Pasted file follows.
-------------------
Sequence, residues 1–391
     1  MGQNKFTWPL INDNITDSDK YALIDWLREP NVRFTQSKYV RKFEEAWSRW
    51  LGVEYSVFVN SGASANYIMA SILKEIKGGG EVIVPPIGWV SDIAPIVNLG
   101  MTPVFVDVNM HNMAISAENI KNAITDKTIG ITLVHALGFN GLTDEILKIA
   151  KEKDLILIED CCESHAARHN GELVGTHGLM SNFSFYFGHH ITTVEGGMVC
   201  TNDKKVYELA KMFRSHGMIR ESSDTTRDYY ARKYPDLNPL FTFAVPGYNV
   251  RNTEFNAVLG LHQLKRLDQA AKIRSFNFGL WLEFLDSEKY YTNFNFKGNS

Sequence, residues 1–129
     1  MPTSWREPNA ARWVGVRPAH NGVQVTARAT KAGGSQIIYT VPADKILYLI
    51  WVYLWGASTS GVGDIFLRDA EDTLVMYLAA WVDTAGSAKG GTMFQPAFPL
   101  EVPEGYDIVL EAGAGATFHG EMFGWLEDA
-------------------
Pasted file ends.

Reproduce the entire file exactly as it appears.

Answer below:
Sequence, residues 1–391
     1  MGQNKFTWPL INDNITDSDK YALIDWLREP NVRFTQSKYV RKFEEAWSRW
    51  LGVEYSVFVN SGASANYIMA SILKEIKGGG EVIVPPIGWV SDIAPIVNLG
   101  MTPVFVDVNM HNMAISAENI KNAITDKTIG ITLVHALGFN GLTDEILKIA
   151  KEKDLILIED CCESHAARHN GELVGTHGLM SNFSFYFGHH ITTVEGGMVC
   201  TNDKKVYELA KMFRSHGMIR ESSDTTRDYY ARKYPDLNPL FTFAVPGYNV
   251  RNTEFNAVLG LHQLKRLDQA AKIRSFNFGL WLEFLDSEKY YTNFNFKGNS

Sequence, residues 1–129
     1  MPTSWREPNA ARWVGVRPAH NGVQVTARAT KAGGSQIIYT VPADKILYLI
    51  WVYLWGASTS GVGDIFLRDA EDTLVMYLAA WVDTAGSAKG GTMFQPAFPL
   101  EVPEGYDIVL EAGAGATFHG EMFGWLEDA